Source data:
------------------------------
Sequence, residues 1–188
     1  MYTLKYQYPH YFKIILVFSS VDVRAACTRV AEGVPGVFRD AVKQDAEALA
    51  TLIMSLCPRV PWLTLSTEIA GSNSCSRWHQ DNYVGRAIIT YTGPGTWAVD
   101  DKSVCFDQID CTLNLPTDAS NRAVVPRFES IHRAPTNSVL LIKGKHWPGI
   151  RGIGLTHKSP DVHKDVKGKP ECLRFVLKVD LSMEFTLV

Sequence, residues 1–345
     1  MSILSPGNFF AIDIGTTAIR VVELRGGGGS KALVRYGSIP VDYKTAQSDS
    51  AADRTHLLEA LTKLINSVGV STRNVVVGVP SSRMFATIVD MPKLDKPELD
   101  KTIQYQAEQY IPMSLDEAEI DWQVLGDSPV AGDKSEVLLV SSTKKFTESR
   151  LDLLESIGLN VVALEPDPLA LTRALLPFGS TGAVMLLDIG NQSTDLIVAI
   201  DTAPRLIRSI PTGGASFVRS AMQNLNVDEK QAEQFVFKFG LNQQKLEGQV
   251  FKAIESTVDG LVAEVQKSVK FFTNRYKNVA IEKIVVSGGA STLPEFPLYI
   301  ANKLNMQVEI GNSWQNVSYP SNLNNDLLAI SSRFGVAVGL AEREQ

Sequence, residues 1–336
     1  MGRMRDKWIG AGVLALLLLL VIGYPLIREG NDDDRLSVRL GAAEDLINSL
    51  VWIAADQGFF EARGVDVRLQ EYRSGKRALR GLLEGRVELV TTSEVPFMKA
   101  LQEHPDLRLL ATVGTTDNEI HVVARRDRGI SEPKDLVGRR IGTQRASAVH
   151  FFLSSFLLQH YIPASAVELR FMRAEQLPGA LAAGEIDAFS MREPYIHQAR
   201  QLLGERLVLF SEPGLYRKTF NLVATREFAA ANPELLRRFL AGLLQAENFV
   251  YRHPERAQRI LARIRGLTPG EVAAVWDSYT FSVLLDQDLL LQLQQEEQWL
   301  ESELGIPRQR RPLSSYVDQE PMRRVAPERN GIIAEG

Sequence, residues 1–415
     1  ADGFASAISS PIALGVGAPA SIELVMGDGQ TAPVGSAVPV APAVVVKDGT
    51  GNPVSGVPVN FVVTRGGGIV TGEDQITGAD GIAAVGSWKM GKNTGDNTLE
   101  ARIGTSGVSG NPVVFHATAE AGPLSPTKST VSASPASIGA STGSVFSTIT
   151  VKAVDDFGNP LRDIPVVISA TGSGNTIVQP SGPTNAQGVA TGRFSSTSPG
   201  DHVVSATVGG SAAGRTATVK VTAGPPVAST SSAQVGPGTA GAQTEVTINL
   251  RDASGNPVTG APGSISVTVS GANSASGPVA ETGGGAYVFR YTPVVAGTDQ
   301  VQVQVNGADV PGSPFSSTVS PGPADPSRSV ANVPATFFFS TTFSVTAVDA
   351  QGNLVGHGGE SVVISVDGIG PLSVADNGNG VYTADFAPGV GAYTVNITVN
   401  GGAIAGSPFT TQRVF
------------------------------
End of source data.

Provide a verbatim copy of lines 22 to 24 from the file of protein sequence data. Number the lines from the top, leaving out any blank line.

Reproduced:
Sequence, residues 1–415
     1  ADGFASAISS PIALGVGAPA SIELVMGDGQ TAPVGSAVPV APAVVVKDGT
    51  GNPVSGVPVN FVVTRGGGIV TGEDQITGAD GIAAVGSWKM GKNTGDNTLE